The ARM Program, an ongoing project of the University of Florida, documents trends in antimicrobial susceptibility patterns in inpatient/outpatient isolates to track antibiotic resistance. To date, 358 institutions from 6 US geographic regions have been enrolled at no cost. Each provides a minimum of 3 years of antibiogram/sensitivity report data in a HIPAA-compliant non-identifying format. These data comprise a national aggregate database containing 28.3 million isolates, 250,423 of which are S pneumoniae.
The database was interrogated to determine resistance patterns for S pneumoniae isolates against clindamycin and erythromycin as surrogate markers for macrolide resistance at the national, regional, and state level for data collected from 1997-2004. States were stratified in terms of resistance rates; only states with 5 or more institutions in the database were included.
Nationally, pneumococcal isolate susceptibility to clindamycin was 89% (range, 86.9% in Southwest to 91.4% in North Central). The 5 states with isolates most susceptible to clindamycin were Illinois (97.6%), Maryland (94.9%), Tennessee (93%), Arkansas (92.4%) and West Virginia (92%); the 5 states with isolates least susceptible to clindamycin were Virginia (87.9%), Georgia (86.5%), Alabama (83.9%), Florida (83.8%), and Nevada (76.9%). For erythromycin, national susceptibility was 67.8% (range, 62.1% in Southeast to 76.2% in Southwest). The 5 states with isolates most susceptible to erythromycin were Arizona (79.8%), Indiana (78.8%), Massachusetts (78.8%), Kansas (76.4%), and Pennsylvania (76.1%); the 5 states with isolates least susceptible to erythromycin were Virginia (62.7%), South Carolina (62.5%), Georgia (62.2%), Florida (60.5%), and West Virginia (57.9%). Virginia, Georgia, South Carolina, and Florida had low susceptibility to both erythromycin and clindamycin; West Virginia, Tennessee, Arkansas, South Carolina, and Virginia had the largest difference between clindamycin and erythromycin.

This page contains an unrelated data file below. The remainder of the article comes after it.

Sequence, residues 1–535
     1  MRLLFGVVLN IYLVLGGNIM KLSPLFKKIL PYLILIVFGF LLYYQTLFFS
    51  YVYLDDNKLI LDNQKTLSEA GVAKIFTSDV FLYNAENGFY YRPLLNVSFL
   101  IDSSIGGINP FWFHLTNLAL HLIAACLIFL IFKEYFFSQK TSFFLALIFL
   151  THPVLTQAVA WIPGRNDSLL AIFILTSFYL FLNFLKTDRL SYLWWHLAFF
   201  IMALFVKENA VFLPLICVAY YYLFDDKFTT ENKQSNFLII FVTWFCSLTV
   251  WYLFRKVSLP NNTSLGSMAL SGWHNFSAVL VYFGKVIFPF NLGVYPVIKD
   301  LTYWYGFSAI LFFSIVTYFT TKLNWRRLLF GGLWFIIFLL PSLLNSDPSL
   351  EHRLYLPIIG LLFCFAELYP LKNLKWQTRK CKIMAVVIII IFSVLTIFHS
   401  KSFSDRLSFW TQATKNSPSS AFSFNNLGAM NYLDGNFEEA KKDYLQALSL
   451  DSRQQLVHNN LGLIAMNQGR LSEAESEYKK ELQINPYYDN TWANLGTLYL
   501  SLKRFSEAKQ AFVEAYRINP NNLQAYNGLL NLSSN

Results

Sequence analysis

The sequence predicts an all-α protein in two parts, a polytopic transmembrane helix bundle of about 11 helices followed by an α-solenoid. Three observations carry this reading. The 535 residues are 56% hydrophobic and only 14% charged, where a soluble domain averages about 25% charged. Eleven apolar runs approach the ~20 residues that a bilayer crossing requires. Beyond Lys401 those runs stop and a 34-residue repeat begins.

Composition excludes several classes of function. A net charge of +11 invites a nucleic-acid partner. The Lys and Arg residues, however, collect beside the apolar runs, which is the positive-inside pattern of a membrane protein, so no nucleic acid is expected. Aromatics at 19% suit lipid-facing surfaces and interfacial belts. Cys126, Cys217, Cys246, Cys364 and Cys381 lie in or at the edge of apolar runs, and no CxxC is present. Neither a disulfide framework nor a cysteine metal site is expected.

Susceptibility patterns for S pneumoniae isolates against clindamycin and erythromycin suggest the highest level of methylation-induced resistance (MLS-b) is in Nevada, while the highest level of efflux-mediated resistance (M-type) is in West Virginia.
Surveillance programs such as ARM provide the ability to track both frequency and severity of macrolide resistance.
John Gums, None.